“Live more by having less” is one of the important learning that I incorporated in my life since I moved to the Netherlands. This learning basically encourages everyone to improve the quality of life by having less. The Dutch way of living is simple, meaning that there is less cultural complexity – for instance the people are direct, honest, modest, and focus less on material things. These Dutch values are rooted from Protestantism, more specifically the Calvinism, a religion that entered the Netherlands during the 16th century. Despite this less complex way of living and simplicity, The Netherlands is still considered as one of the countries with the highest quality of life in the world (USNews.com). Thus, the Dutch are one of the happiest people while Dutch children are the happiest kids in the world (CNN). In my blog Raising a happy and balanced child the Dutch way, I explained why Dutch children are very happy and very contented in their quality of life. At the same time, I also wrote a blog about Achieving work-life balance by embracing Dutch work habits, which tells how Dutch people achieve a balance in their personal life and careers, both of which are important components to having a high quality of life.
In addition to raising a balanced child and having a work-life balance, there are also other ways to improve the quality of life based on the Dutch value of having less. We try to practice these value in our own family situation. Since my husband and I got married, we only had one sustaining income for more than four years. When I was finishing my PhD, my husband shouldered our family expenses from his PhD contract. After his PhD contract ended and I started working as a lecturer in an applied university. We live from my three days income, which is just sufficient for the expenses of a family of four. Yet, we still manage to enjoy our lives and give our children a high quality life that they deserve. We live in a good neighborhood in Wageningen. We try to ensure that we pay our mortgage as much as we can every year. We travel every now and then, in fact almost every week we go around the Netherlands and almost every two months we get out of the country! We eat lots of biological and organic products. And more importantly, we have the luxury to spend a lot of time with our kids. We don’t have a lot of money, which many people think. We don’t need to have a lot of money to feel rich and to enjoy life. Besides, money is less worthy if you don’t have the time to enjoy it and to be with your love ones, right? We just simply learn some life hacks to improve the quality of our life by having less, which is a Dutch value.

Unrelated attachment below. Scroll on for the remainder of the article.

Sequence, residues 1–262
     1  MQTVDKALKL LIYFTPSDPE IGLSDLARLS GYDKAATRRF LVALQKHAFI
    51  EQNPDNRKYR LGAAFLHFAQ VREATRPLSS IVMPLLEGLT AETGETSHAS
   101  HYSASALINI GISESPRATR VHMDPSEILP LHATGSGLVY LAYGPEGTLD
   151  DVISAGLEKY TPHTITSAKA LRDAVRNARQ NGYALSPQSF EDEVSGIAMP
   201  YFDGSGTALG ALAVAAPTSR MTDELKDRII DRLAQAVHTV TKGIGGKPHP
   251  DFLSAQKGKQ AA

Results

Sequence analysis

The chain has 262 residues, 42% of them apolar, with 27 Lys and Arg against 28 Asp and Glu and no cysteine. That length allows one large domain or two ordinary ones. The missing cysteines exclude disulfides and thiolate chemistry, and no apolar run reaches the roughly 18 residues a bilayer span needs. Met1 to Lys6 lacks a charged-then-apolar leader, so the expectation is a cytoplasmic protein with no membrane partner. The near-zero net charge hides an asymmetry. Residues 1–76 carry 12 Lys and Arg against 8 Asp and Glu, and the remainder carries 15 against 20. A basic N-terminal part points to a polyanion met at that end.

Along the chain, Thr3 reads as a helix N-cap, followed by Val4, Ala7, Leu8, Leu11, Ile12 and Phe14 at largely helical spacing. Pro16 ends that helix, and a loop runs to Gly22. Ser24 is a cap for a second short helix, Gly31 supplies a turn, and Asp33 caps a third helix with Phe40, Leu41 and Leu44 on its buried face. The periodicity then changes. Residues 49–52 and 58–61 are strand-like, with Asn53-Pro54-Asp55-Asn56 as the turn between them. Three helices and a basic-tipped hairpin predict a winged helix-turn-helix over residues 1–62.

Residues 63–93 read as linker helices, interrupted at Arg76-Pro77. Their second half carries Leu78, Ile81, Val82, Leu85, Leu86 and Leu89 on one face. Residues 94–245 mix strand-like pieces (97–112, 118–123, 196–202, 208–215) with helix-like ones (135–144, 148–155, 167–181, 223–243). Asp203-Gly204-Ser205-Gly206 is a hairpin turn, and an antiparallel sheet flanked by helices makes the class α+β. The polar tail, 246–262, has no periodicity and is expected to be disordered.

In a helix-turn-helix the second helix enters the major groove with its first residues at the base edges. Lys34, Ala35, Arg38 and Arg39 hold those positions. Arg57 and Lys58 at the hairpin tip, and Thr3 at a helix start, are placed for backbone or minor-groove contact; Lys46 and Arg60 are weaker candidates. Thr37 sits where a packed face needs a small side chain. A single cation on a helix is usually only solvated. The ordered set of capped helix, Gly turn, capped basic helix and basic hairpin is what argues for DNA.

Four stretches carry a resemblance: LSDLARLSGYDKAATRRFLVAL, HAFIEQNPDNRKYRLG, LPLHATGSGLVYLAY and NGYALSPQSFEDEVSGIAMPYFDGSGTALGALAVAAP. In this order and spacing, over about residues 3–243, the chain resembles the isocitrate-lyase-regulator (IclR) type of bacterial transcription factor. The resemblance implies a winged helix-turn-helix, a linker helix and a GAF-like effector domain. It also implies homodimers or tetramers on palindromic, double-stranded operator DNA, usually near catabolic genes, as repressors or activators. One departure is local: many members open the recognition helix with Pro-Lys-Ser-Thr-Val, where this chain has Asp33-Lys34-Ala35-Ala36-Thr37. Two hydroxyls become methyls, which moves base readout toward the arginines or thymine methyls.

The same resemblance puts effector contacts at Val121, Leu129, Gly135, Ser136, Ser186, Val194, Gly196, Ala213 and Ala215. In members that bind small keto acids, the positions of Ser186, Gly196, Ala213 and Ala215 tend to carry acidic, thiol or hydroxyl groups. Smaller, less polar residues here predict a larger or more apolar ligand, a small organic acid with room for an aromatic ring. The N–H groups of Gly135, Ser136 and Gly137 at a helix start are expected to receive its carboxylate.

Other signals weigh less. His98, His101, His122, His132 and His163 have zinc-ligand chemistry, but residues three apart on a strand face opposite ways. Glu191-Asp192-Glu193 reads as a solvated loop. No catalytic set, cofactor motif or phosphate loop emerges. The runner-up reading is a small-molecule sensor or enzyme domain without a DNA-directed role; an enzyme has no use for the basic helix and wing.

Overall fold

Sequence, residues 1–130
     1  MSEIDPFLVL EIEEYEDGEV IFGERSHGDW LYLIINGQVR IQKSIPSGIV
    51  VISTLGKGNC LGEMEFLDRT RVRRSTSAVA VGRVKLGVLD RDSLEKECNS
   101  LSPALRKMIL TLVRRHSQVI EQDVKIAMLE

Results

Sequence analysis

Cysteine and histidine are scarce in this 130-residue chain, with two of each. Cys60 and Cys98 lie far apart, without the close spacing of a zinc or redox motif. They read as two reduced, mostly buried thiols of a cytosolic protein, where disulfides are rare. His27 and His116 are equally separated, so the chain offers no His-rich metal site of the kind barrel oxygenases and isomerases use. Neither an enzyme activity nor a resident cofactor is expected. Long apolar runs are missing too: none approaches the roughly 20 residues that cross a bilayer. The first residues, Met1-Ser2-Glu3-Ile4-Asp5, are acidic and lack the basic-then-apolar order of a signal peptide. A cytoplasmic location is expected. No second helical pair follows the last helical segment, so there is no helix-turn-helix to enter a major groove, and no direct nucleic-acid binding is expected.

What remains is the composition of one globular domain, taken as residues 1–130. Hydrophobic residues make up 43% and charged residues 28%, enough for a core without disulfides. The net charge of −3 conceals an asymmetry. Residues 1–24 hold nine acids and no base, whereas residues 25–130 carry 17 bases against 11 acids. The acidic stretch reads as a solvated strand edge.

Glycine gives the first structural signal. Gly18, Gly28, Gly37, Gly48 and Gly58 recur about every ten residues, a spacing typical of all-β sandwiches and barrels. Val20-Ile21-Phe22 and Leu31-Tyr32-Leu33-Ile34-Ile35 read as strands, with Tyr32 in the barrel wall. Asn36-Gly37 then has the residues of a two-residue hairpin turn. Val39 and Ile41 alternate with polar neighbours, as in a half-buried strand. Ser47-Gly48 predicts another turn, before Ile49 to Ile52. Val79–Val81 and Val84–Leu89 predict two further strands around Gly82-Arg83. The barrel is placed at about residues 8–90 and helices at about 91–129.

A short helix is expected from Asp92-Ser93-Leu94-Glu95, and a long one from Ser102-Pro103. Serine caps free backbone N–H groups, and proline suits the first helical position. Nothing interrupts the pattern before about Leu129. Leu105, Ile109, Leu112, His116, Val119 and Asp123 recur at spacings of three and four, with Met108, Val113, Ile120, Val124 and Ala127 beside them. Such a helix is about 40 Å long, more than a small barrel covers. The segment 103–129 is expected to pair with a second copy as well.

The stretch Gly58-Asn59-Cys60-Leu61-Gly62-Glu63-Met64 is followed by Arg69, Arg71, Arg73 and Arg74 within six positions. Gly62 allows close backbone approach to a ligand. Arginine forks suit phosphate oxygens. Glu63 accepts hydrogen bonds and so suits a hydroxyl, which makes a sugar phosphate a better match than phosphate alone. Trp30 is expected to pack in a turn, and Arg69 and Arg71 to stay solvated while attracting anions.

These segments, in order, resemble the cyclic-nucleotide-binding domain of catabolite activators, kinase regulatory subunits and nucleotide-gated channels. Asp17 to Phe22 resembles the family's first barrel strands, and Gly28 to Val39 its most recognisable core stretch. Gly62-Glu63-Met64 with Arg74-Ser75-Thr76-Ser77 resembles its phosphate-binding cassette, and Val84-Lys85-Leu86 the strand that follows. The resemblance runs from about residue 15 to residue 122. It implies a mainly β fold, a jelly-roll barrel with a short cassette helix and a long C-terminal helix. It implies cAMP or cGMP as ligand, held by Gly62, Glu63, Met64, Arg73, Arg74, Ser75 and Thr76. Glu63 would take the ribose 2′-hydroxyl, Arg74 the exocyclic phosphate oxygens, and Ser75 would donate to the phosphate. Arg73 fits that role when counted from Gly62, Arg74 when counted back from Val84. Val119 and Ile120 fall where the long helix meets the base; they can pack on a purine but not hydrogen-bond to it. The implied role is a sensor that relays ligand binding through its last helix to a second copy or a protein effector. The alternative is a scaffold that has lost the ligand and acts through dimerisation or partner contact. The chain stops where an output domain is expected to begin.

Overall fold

How to improve the quality of life by having less: Learn from the Dutch
In this blog, I’ll share some of the life hacks to live happier with less and make the most out of your life.
1. Dutch prefers quality over quantity.
The saying quality over quantity is well-known by many, yet practiced by few. I am a Filipina. Consumerism is very much part of the Phillipine culture since we are heavily influenced by the US. Filipino(a)s like to do shopping and to buy a lot of things. Shopping is both a pleasure, luxury and relaxation activity in Philippines.
When I came to the Netherlands I became more aware of this cultural difference. My husband pointed out that I don’t need a lot of things in my life, especially if they will not last long. According to a Dutch proverb, Goedekoop is duur koop (Buying cheaply is buying expensive). Thus, it is better to buy a few, expensive, high quality items that will last for 5-10 years, than to buy 20 or more pieces of clothes, shoes, or any items that will only last a year or two. Besides, buying high quality items is psychologically rewarding since it gives the feeling you give yourself the best long lasting products as compared to low quality items that need repair all the time. Of course, the topic of quality over quantity does not only pertain to material things. It can be extended to social circles, such as friends. In the Dutch culture, it is better to have few, quality relationships that will last long than maintaining many ‘friends’ or connections that require a lot of maintenance and time. This is especially true if you get kids simply because it is impossible to maintain a large social network. Besides, spending time with good friends is more-often much more satisfying than spending time with friends who you have less connection with.